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Ridge Racer (PSP) artwork

Ridge Racer (PSP) review

"Introduction: "


I don't think there was a single gamer who was not excited by the launch of Sony's PSP last year. It seemed to take almost everyone by surprise, and for most of us, we were in such disbelief and unpreparedness that there wasn't enough money in our wallets to cover the bill. I'm definitely guilty of the syndrome, as I wasn't able to pick up the all-powerful handheld until recently. Obviously strapped for cash, I grabbed the cheapest game I could find, which happened to be a used copy of Namco's Ridge Racer. Here's my review.


When it comes to racing games, there is typically not whole lot of room for creativity. By definition, the goal is to race, and therefore developers are challenged with the paradox of sticking to conventions of the genre while still managing to break new ground. Ultimately, however, I think that the developer either chooses to create a unique racing experience by adding fundamental elements which have been previously unseen, or they choose to stick with tried-and-true methods that have been proven effective in delivering quality gameplay.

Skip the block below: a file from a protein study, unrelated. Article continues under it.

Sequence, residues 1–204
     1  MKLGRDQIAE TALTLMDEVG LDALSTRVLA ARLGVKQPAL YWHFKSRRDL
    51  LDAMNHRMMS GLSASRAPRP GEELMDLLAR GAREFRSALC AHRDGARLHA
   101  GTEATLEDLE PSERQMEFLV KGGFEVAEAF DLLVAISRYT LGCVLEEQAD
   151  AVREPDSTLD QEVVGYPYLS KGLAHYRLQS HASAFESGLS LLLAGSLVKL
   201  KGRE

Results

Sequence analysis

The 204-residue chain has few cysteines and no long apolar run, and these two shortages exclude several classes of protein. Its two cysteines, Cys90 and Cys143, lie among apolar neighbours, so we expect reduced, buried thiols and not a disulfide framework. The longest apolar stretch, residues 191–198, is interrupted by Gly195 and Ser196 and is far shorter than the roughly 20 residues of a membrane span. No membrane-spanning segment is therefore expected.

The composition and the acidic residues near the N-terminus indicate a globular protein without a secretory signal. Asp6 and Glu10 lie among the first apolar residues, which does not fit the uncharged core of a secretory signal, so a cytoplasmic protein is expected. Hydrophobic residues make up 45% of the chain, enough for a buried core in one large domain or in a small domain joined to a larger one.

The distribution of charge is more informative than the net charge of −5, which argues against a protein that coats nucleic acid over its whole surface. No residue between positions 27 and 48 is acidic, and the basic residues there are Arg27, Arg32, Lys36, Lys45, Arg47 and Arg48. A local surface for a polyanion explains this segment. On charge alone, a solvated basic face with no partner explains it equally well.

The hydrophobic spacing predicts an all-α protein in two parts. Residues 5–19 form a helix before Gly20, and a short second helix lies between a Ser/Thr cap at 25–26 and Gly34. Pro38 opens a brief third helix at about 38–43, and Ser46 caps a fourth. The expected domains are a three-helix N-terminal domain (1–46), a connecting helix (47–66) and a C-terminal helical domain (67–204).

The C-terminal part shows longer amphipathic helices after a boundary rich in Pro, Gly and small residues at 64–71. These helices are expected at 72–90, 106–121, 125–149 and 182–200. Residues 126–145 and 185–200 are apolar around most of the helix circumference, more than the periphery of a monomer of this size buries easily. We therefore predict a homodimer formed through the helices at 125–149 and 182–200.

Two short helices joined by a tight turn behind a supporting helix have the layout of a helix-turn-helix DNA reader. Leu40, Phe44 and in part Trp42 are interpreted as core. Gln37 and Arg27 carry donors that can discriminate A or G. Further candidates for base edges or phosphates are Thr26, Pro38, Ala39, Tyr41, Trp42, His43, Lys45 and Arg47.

Ridge Racer falls into the latter category. What we have here is a fun, straightforward racing game with only a little bit of depth, but a lot of addictive entertainment. The general premise is racing, in a very no-frills, arcade style. This means that car physics are unrealistic, game path is linear, and there is very little room for customization. There are three modes: World tour, single race, and versus. There are all fairly self-explanatory, and standard fare for a racing game.

World tour mode is a straightforward series of tours, each with different races and tracks. You start out with a few tours to choose from, and for each tour you complete, a new one opens up, along with a new car. Each tour is slightly more difficult than the last, which makes for a smooth, friendly learning curve which starts out easy and becomes quite brutal, especially once the pro tours are unlocked. The tours are each just a series of races which must be won (in no order). Every race has 12 cars in it, including yourself, and you will always start in last place.